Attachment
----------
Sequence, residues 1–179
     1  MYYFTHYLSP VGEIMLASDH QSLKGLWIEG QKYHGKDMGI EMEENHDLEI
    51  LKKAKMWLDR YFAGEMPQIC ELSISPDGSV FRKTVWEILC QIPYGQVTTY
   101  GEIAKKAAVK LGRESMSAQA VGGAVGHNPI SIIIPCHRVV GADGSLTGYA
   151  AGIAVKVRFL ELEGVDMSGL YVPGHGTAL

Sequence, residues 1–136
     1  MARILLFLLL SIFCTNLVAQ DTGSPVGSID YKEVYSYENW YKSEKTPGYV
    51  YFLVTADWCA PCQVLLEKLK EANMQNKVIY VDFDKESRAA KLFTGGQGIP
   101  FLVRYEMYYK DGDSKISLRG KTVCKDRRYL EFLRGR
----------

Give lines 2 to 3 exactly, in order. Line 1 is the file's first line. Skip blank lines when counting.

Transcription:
     1  MYYFTHYLSP VGEIMLASDH QSLKGLWIEG QKYHGKDMGI EMEENHDLEI
    51  LKKAKMWLDR YFAGEMPQIC ELSISPDGSV FRKTVWEILC QIPYGQVTTY